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September 16th, 2008

FOMC Meeting: Will Rates Change?

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Today’s regularly-scheduled Federal Open Market Committee (FOMC) meeting will likely result in the Fed leaving short-term interest rates unchanged. The odds that the Fed will leave rates unchanged hinges on the movement of today’s market. While the FOMC meeting is set to finish in the early afternoon, a tumultuous morning could lead the Fed to reconsider. The Wall Street Journal makes the case for — and against — cutting rates:

The case for a quick rate cut: Continued market turmoil could hurt an already weak economy. Mortgage rates fell last week after the government’s takeover of mortgage giants Fannie Mae and Freddie Mac, but market turmoil could push rates up for both mortgages and other consumer loans.

The Fed has taken pre-emptive action repeatedly over the past year, cutting its interest-rate target as protection against a deeper economic downturn. The failure of Lehman, the rapid takeover of Merrill Lynch & Co. by Bank of America Corp. and continuing concerns about AIG underscored the risks.

Many Wall Street investors are essentially begging the Fed to cut interest rates to boost confidence and reduce some of the turmoil. By the end of Monday, futures markets put the odds at two out of three that the Fed would lower its benchmark federal-funds rate, currently 2%, by a quarter percentage point Tuesday. Merrill Lynch economist David Rosenberg predicted a half-point cut.

But cutting rates now would carry its own risks. It could remove some of the Fed’s flexibility in the event that the financial crisis worsens. The Fed cut rates after the market crash in 1987, when the Dow Jones Industrial Average lost almost a quarter of its value. It also eased on the first trading day after the Sept. 11, 2001, terrorist attacks.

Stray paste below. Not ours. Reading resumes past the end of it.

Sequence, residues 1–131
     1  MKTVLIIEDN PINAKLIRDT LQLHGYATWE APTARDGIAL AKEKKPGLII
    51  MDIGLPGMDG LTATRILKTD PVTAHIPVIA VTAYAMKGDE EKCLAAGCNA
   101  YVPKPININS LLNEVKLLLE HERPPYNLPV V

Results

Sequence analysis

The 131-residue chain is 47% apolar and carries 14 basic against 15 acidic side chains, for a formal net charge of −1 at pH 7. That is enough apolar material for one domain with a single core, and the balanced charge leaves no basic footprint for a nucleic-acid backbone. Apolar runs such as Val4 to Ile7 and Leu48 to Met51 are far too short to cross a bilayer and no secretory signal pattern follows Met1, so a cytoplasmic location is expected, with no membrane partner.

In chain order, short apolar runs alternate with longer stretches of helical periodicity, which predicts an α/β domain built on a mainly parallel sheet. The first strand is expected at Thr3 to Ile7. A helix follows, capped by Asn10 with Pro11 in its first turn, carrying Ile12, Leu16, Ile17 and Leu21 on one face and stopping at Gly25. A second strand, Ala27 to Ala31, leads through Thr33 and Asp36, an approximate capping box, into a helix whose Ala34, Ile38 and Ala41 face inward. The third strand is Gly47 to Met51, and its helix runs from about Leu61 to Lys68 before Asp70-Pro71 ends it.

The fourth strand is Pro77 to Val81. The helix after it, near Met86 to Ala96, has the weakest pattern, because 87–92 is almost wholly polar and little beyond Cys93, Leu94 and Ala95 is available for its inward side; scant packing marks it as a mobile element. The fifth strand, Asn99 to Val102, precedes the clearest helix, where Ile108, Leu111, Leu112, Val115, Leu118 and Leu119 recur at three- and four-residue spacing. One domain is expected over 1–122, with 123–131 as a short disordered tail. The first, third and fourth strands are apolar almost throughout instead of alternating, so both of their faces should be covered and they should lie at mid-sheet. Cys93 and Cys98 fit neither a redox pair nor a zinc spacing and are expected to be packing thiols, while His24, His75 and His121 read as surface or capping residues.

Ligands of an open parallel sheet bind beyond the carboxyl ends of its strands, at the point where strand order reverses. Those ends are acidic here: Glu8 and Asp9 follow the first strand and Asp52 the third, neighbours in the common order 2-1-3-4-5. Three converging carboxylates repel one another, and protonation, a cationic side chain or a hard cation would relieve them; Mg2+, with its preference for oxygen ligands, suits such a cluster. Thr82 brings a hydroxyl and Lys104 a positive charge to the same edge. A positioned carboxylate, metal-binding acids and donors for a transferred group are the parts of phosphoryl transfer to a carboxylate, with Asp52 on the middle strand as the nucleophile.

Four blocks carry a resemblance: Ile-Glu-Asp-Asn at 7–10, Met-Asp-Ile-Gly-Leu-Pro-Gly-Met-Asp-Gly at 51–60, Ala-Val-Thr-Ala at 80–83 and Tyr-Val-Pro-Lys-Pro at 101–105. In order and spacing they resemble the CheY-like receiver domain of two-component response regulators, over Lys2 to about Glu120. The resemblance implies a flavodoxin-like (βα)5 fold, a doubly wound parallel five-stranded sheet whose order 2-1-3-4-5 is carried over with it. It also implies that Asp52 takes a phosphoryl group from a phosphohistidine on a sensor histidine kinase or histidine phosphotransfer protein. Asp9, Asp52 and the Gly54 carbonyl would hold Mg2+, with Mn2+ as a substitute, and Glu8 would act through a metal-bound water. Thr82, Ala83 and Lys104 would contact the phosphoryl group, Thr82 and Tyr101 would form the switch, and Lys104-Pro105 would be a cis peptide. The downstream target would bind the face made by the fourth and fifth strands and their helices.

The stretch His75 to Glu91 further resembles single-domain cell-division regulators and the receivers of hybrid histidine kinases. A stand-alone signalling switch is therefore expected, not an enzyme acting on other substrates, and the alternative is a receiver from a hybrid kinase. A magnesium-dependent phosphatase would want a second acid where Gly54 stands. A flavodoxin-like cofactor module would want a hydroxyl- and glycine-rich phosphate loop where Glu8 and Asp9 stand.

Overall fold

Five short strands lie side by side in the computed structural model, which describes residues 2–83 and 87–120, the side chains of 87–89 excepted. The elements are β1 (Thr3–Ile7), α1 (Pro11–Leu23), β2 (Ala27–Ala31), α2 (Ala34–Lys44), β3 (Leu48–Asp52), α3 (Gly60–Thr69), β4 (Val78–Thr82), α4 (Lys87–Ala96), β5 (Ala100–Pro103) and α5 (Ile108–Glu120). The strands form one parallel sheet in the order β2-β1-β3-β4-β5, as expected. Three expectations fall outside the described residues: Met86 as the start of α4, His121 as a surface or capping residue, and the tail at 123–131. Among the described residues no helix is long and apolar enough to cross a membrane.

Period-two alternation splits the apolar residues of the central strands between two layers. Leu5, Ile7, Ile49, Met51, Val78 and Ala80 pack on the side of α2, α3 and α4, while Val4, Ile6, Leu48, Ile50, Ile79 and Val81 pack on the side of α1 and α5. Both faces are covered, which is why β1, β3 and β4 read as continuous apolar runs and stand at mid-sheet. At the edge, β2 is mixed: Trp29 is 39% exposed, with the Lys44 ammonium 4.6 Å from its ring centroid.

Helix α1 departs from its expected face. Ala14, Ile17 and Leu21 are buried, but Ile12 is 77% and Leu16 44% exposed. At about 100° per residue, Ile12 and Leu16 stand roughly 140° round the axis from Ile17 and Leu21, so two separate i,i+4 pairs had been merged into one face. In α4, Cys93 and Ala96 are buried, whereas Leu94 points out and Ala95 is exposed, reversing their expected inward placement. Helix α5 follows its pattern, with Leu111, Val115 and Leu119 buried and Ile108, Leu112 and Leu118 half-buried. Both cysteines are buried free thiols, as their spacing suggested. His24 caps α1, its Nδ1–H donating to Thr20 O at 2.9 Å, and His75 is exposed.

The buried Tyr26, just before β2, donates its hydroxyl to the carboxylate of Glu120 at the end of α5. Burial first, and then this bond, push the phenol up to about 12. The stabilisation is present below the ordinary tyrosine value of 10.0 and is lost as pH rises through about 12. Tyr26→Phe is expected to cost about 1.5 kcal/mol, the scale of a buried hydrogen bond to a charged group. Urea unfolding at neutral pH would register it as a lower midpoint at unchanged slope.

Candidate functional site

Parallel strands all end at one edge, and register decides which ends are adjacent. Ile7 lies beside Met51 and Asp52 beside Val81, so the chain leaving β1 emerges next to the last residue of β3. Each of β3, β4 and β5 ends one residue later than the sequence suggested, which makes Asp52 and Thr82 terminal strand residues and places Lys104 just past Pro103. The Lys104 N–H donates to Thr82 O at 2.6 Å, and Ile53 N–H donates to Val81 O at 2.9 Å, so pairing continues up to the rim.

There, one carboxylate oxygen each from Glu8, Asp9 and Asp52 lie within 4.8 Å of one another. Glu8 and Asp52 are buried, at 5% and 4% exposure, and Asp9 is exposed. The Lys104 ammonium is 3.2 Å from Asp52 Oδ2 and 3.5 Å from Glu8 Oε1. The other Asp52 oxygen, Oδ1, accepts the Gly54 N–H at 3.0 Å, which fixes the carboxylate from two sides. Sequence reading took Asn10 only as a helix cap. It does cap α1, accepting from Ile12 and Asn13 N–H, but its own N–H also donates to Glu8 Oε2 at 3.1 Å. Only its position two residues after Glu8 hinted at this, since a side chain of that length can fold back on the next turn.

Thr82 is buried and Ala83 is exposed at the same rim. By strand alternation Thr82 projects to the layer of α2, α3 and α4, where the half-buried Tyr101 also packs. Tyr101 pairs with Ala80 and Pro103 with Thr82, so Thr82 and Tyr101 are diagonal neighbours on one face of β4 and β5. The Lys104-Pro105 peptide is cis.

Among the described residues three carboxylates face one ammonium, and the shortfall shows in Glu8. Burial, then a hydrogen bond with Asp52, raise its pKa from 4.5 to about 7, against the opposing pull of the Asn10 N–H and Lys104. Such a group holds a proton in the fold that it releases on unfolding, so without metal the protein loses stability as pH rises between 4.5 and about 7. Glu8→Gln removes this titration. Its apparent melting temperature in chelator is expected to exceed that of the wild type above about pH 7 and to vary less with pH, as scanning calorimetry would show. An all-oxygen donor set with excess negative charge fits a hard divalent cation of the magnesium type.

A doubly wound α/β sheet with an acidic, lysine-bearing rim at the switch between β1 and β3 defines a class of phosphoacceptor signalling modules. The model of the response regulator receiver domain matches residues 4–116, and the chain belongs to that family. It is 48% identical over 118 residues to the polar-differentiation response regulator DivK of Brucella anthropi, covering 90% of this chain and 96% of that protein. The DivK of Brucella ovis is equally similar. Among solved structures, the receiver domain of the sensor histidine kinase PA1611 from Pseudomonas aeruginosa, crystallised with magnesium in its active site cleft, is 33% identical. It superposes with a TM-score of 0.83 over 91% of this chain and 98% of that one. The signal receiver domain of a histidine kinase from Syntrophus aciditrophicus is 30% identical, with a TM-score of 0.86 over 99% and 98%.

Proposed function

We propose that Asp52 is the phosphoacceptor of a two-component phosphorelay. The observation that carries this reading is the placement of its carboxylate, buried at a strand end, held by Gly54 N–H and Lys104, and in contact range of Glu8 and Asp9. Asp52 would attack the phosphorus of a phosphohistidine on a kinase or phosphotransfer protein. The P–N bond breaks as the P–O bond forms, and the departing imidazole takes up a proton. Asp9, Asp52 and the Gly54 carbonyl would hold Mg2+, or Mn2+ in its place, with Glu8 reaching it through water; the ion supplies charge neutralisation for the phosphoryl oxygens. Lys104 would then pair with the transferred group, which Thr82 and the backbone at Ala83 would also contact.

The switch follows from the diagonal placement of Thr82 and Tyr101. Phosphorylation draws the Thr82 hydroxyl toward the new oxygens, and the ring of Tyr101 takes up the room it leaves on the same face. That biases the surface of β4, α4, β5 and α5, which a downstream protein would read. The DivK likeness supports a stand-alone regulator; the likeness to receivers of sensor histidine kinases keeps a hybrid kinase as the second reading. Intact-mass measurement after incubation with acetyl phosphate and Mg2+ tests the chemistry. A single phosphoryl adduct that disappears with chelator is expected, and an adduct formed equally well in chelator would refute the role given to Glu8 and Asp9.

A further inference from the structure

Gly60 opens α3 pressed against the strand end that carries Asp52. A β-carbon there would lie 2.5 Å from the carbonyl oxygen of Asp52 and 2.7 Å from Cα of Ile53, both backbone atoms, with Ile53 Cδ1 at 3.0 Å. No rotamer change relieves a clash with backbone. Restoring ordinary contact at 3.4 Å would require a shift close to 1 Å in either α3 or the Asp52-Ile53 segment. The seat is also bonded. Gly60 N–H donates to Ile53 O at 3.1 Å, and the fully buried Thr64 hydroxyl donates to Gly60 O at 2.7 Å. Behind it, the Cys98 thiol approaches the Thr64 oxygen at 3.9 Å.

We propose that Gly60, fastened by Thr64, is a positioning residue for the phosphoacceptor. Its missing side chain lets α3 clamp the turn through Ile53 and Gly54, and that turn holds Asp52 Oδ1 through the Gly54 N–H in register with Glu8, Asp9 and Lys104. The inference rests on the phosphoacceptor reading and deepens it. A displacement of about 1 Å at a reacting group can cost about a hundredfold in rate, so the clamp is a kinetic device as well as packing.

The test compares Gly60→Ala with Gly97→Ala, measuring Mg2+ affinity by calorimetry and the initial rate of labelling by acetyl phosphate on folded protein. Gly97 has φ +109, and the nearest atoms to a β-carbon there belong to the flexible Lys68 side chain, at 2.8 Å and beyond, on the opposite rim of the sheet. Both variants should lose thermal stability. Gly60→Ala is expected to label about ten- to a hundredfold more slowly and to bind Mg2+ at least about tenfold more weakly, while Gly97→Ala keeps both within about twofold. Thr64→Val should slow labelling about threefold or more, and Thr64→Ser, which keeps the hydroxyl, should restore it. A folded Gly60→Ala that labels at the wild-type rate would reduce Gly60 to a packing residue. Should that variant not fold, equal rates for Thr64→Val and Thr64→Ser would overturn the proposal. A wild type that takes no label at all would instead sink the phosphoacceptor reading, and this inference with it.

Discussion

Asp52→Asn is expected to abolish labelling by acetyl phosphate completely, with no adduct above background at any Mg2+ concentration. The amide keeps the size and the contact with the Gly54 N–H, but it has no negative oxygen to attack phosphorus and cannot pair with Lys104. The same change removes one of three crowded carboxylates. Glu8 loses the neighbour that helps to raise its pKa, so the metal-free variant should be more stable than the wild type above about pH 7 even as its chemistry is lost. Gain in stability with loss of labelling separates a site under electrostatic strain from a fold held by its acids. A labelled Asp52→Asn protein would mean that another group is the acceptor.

In both cases, the potential turmoil was much clearer. But the Fed may resist taking action on Tuesday, less than two trading days after the weekend’s events, when the longer-term impact on credit costs and availability — and potential economic damage — remains far from clear.

Cutting short-term interest rates is an attempt by the Fed to pass on a lower cost of borrowing to the consumer. The current problem doesn’t reside in the cost of borrowing. It remains whether today’s consumer qualifies for the increased restrictions that stand between them and their loan. If the Fed would cut rates, it would likely only be .25%, not enough to make the impact all too many are hoping for.

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2 Responses to “FOMC Meeting: Will Rates Change?”

  1. Rebecca Wilder Says: September 16th, 2008 at 3:15 pm

    The Fed can always call an emergency meeting if things really get out of hand! I agree, it is too early to tell what will be the ramifications of Lehman and Merrill. The unemployment report will surely get a bump, but the financial system will probably work itself out. So barring any unforeseen and negative shock, the Fed is doing exactly what it needs to do – stabilize growth and prices!

  2. Tim Manni Says: September 17th, 2008 at 1:41 pm

    Rebecca — You’re right, the Fed calling an emergency meeting is certainly not out of the realm of possibility — I believe it was an emergency meeting the Fed called when they cut rates right before the Bear Stearns mess. As for unemployment, that will with out a doubt spike with financial layoffs.

    What are your thoughts on AIG?

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HSH.com's daily blog focuses on the latest developments in the mortgage and housing markets. Our mission is to relate how changes in mortgage rates and housing policy, as well as the latest financial news, impacts consumers, homebuyers and industry insiders alike. Our 30-plus years of experience in the mortgage industry gives us an edge as we break down the latest changes in an ever-changing market.

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Tim Manni is the Managing Editor of HSH.com and the author of their daily blog, which concentrates on the latest developments in the mortgage and housing markets.

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